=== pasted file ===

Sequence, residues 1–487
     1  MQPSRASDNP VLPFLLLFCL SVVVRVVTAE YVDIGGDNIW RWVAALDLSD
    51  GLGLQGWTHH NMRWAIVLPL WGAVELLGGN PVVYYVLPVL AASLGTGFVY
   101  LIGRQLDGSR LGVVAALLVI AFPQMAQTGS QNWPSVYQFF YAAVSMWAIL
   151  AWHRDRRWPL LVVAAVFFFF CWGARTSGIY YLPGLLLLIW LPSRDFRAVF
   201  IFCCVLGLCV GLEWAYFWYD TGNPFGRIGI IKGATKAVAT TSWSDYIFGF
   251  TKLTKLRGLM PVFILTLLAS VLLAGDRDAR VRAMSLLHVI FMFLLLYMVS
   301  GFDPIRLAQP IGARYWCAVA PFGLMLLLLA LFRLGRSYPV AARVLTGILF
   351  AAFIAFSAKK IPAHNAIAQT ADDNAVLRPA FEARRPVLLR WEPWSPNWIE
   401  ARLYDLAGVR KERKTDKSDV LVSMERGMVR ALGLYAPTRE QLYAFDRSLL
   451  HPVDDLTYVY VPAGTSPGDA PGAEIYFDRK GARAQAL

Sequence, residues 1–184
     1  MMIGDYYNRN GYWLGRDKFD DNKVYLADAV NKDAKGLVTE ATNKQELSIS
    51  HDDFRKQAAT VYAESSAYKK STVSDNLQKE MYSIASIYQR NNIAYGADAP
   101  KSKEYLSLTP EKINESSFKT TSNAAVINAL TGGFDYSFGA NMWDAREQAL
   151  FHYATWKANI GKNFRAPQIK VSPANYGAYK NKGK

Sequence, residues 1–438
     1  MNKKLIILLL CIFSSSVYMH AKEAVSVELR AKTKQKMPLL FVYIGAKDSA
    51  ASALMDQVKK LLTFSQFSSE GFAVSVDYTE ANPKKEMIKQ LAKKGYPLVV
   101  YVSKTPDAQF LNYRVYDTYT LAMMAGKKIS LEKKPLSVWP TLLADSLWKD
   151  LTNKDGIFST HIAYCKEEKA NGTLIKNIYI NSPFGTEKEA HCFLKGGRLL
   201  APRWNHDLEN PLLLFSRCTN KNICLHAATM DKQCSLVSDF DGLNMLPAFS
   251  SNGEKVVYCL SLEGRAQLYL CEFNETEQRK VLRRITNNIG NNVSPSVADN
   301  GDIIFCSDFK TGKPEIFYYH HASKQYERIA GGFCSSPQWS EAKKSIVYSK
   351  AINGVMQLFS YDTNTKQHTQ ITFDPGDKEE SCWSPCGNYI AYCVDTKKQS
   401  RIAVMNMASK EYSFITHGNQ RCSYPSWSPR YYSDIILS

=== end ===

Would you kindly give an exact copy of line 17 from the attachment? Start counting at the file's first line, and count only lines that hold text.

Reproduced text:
Sequence, residues 1–438